Consuela (or “Connie” as Hardin calls her) provides more info on the situation Hardin is here to research – turns out there is a particular group based outside of Dallas that is “hiring” all of the Mexicans in this area, promising them work and money in the US, but apparently just abducting them, as the men are never heard from again. Connie’s brother Raul happens to be one of the men missing. We learn via cutover that these men are taken to a muddy island called Dwyer’s that’s sprouted up in the midst of Lake Texoma, about a hundred miles from Dallas, Texas. Here evil billionaire Howard Christiansen is using the Mexicans as target practice, employing a sonic raygun on them.

For once Roberts skips the details when the expected Hardin/Connie lovin’ ensues. The Supergun Mission is pretty tame in both the sex and violence departments, with Hardin only getting in a few scuffles in the first hundred or so pages. In fact Roberts is more eager to, once again, dole out lots of inconsequential detail about how to fly small airplanes. Was the guy going for his pilot’s license or something? Because just as in previous Roberts installments we have long scenes of Hardin flying this or that private aircraft, with all manner of technical detail provided.

The first fight scene is one of the more unusual in the Penetrator annals. Hardin goes up to Dallas to try to get a job with the mysterious company that’s hiring the Mexicans, posing yet again as a pilot looking to fly cargo out of Mexico -- any cargo, as long as it isn’t drugs. Meanwhile a gang of street punks break into Hardin’s van (right across from Dealey Plaza!). Hardin, unarmed, comes upon the scene and beats the shit out of all of them. But the bizarre twist comes when the gang’s lookout shows up, jumping Hardin from behind, and Hardin slams him into a car – only seeing after the fact that the lookout’s just a ten year-old kid. Hardin takes the other prepubescent lookout over his knee and spanks him mercilessly!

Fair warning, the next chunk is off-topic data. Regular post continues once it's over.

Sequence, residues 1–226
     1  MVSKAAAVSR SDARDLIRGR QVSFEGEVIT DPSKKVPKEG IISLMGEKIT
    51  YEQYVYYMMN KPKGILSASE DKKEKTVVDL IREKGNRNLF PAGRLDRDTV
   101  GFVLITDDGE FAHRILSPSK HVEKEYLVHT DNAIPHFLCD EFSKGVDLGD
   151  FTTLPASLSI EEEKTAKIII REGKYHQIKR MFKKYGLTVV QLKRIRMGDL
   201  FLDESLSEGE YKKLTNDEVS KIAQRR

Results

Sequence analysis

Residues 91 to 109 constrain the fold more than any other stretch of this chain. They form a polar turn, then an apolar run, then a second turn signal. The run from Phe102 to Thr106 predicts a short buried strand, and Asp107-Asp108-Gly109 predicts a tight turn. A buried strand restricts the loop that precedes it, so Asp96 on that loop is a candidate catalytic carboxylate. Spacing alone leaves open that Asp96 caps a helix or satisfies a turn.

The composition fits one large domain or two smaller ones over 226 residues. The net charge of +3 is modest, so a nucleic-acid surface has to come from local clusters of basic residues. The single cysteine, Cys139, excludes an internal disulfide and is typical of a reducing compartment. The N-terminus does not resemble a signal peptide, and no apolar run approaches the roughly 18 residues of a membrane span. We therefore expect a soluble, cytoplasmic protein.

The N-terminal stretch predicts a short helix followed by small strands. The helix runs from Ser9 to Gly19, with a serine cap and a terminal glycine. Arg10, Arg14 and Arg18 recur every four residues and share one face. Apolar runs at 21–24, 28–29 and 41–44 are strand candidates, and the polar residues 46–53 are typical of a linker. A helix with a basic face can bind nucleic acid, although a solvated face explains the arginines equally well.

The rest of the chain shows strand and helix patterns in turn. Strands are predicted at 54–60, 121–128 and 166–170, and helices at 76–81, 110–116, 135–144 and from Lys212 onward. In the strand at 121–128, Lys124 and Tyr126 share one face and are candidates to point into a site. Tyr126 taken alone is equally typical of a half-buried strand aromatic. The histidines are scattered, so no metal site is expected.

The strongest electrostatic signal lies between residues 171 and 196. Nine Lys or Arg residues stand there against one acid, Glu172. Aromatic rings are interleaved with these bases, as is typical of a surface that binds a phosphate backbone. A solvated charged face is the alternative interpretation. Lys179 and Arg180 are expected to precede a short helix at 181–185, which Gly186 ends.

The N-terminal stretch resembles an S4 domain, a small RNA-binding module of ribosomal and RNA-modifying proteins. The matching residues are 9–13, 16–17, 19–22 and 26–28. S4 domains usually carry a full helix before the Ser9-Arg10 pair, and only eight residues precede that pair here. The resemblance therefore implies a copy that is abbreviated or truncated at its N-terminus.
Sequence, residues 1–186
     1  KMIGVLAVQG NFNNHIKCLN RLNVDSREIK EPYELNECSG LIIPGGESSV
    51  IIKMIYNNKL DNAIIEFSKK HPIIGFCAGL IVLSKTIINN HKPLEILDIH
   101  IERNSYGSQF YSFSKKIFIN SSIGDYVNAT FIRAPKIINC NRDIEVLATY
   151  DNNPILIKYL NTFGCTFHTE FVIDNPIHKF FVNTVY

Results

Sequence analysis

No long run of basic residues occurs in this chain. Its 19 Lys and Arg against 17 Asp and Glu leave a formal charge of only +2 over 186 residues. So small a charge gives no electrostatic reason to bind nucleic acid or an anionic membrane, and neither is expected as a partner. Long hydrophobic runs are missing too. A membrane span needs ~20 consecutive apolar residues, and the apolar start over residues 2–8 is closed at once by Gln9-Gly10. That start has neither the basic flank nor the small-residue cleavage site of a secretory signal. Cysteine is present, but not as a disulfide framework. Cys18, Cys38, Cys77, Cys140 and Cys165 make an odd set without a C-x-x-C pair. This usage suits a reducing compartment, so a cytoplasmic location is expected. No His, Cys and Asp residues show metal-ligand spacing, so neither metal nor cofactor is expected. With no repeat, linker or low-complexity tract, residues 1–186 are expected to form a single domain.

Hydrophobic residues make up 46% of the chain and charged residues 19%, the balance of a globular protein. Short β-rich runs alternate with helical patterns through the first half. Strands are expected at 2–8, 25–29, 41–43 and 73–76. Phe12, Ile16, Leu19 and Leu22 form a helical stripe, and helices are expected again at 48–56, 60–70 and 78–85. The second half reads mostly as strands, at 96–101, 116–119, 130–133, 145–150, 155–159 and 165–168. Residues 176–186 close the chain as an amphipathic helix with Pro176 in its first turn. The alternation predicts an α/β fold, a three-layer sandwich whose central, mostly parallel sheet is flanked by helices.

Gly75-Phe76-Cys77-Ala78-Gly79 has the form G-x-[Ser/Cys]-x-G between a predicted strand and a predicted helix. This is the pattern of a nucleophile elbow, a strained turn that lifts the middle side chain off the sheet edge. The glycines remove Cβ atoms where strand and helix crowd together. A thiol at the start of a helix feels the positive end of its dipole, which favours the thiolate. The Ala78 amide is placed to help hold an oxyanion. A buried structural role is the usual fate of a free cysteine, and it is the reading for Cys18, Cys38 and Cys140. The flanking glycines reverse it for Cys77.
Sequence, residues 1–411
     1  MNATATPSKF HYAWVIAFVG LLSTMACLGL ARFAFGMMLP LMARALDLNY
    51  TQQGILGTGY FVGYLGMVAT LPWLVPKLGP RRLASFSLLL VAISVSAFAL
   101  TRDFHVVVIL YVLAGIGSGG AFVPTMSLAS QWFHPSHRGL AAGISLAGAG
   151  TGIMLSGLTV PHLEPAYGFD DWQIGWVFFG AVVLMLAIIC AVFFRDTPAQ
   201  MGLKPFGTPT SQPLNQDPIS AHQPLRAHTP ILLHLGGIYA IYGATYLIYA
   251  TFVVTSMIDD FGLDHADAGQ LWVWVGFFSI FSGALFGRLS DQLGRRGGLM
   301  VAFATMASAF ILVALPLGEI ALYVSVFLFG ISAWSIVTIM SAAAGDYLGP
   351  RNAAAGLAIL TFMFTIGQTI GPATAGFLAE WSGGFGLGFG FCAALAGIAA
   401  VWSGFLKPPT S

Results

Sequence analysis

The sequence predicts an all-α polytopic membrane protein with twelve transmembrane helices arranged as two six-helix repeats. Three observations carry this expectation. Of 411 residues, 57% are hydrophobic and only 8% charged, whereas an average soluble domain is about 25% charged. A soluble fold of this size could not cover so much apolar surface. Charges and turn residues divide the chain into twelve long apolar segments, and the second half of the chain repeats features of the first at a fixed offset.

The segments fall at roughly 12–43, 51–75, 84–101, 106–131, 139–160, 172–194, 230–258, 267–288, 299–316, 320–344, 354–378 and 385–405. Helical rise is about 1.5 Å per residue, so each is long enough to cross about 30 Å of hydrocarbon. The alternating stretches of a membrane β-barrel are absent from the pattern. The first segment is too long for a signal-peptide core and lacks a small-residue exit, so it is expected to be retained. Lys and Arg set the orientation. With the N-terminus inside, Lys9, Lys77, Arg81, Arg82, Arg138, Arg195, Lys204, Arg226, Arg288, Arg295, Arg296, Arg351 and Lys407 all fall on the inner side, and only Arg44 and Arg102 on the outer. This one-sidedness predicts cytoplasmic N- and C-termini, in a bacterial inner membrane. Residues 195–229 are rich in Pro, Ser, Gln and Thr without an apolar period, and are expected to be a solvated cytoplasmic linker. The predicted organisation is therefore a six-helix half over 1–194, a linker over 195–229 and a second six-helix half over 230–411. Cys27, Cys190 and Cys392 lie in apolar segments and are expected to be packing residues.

Hardin gets the job as a pilot, and for a trial run hauls out a new shipment from Mexico. Here ensues a long airchase in which narcs come after Hardin when he crosses the US border, assuming he’s yet another drugrunner. We get all manner of detail on how to fly around in storms, using heavy cloud cover to hide from pursuing planes. But when Hardin finally makes it to the fortress on Dwyer’s Island, he is informed he cannot leave. Also, he discovers that Connie has snuck aboard his plane, disguising herself as a young boy, in the hopes of finding out what happened to her brother.